Do you believe and trust in Jesus Christ, the Son of God? If you do then you will know God and the love of God, you will know that loves comes from God and the love that comes from God and you will love other Christians in a godly way, even though that won't always be easy. Look at v7&12:

Everyone who loves has been born of God and knows God…if we love one another, God lives in us and his love is made complete in us.

The love which is the proof of a true relationship with God is a love which is shown in actions for the benefit of others, even to the point of self-sacrifice. V21:

Whoever loves God must also love his brother (in Christ).

If you don't believe and trust in Jesus then you won't know God and his love and you won't love God's people in that godly way. Look at v.8:

Whoever does not love does not know God, because God is love.

So why not believe and trust in Jesus this morning? Then God will pour out his love into your hearts by the Holy Spirit, whom he will have given you (Ro 5:5&cf 1 John 4:13). You will be born of God, you will know him and his love and love him and his people. You will not perish but have eternal life.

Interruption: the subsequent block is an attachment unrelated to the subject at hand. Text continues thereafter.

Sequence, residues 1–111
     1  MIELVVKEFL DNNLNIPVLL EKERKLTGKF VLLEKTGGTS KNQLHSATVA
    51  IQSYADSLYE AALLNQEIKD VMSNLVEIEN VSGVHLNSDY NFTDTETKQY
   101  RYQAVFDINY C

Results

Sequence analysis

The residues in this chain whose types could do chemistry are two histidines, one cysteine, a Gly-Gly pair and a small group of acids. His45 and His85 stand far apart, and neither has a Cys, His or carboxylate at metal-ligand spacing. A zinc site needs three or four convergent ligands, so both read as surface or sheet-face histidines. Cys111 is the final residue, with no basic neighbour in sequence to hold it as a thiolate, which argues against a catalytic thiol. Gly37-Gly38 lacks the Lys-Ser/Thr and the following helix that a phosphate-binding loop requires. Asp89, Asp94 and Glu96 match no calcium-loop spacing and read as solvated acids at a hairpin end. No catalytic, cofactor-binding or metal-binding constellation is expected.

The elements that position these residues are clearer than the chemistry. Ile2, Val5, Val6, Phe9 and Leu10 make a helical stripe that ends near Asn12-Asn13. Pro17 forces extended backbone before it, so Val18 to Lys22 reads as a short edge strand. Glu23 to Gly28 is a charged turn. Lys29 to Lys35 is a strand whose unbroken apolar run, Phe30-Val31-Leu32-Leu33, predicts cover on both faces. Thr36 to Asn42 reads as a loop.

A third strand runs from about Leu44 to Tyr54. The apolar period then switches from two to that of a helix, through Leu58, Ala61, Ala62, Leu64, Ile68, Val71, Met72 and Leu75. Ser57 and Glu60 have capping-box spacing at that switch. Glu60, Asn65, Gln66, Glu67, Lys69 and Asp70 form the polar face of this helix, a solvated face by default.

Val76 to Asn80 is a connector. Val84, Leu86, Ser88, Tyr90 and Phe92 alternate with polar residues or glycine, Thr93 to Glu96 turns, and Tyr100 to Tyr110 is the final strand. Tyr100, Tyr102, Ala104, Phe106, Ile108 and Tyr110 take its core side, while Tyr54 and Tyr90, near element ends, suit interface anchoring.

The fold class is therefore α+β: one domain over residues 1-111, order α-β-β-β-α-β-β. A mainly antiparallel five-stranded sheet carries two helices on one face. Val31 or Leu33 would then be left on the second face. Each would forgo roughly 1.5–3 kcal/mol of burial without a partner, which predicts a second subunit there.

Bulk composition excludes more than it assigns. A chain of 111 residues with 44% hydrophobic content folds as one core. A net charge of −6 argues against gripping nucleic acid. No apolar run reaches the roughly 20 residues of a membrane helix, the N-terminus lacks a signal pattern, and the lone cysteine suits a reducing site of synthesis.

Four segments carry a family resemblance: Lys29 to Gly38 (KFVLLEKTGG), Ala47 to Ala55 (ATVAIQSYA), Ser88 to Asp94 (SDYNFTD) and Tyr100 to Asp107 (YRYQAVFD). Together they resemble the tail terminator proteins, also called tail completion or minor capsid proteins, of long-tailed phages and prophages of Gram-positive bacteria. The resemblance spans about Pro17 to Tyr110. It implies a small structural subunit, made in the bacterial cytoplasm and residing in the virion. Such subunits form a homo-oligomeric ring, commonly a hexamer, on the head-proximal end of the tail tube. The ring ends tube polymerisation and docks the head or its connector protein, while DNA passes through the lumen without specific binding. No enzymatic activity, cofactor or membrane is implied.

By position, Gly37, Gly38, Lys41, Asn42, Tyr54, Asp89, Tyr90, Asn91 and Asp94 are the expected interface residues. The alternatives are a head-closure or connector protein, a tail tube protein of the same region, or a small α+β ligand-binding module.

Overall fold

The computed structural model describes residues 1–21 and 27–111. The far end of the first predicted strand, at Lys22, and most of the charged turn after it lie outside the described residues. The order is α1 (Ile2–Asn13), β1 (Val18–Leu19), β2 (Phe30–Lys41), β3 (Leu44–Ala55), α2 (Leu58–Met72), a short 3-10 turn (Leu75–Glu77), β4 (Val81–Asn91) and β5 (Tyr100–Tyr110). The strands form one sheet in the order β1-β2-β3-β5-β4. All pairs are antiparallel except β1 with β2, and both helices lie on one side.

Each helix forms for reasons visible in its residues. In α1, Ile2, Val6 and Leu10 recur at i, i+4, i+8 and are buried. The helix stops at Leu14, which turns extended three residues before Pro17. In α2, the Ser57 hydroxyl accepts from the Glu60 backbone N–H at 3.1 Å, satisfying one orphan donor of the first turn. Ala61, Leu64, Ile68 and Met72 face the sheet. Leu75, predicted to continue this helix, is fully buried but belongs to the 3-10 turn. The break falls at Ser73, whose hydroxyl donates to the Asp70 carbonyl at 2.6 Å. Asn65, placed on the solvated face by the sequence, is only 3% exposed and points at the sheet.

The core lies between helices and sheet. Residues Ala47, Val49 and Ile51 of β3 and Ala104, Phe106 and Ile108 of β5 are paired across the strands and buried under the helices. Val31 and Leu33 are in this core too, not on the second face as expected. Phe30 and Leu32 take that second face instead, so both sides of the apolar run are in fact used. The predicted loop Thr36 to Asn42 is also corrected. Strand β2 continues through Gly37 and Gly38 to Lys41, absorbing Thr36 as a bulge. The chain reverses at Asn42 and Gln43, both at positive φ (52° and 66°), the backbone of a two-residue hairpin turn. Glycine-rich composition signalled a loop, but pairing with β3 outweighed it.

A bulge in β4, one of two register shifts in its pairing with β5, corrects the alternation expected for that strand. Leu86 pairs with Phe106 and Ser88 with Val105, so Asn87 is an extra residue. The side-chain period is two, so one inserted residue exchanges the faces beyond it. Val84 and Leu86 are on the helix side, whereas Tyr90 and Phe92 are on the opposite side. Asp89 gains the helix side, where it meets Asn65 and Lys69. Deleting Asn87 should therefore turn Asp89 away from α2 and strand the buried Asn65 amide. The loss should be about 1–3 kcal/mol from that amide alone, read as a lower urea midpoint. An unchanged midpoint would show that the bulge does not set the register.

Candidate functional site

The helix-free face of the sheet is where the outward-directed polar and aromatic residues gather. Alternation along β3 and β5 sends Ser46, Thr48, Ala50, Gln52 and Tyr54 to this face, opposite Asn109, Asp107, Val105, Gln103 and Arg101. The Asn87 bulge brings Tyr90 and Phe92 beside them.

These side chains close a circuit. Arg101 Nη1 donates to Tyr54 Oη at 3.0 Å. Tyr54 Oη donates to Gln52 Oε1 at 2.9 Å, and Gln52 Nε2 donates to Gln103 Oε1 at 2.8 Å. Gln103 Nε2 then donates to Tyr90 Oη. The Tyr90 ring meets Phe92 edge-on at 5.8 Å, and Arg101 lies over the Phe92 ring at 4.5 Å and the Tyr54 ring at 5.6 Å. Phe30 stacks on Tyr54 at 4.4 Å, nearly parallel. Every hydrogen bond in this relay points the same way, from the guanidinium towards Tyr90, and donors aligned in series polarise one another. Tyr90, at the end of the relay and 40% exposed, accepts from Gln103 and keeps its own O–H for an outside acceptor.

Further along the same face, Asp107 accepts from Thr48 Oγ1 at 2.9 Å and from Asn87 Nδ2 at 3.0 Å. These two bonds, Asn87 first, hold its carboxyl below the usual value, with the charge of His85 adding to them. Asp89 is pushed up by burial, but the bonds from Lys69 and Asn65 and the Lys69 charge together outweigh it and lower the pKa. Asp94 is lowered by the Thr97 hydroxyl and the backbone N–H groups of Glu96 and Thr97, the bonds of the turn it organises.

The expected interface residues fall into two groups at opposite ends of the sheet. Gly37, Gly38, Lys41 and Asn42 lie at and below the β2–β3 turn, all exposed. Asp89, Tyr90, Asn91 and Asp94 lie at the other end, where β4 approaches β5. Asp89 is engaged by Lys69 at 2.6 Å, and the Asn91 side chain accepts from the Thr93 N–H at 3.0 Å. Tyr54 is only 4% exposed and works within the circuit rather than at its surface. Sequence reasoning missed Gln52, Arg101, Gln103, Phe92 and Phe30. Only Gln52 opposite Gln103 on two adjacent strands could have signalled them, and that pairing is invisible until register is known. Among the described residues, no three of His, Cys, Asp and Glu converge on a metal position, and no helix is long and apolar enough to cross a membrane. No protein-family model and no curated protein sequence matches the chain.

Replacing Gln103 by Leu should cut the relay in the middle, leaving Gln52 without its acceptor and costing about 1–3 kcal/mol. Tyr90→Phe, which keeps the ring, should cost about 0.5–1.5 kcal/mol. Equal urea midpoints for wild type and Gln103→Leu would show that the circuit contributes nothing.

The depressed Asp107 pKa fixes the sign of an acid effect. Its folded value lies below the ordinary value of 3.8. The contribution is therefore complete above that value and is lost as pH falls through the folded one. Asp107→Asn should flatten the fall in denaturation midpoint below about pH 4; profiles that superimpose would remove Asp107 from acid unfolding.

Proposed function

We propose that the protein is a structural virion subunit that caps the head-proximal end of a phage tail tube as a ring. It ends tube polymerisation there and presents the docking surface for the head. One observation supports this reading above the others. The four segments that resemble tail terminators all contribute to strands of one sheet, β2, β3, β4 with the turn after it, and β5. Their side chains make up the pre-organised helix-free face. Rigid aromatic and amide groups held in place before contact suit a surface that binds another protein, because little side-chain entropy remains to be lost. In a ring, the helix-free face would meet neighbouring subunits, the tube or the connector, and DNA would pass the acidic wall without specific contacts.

So as we've been seeing God's love differs from natural human love as "real fresh fruit differs from artificial fruit flavours". God's love is 'agape' love – love of an extraordinary kind, which gives itself in service to others to an unreasonable degree – even to the ultimate sacrifice. Human love is often 'eros' love. It loves those who are worthy, lovable and those able to love in return. It is characterised by desire, often a desire to possess. (Morris) In contrast agape love loves the unworthy and does so freely. The love of God therefore is not the human attitude we know as natural love. It is new and we shall never truly understand it if we simply imagine human love, even a mother's love, only magnified. Do we know it?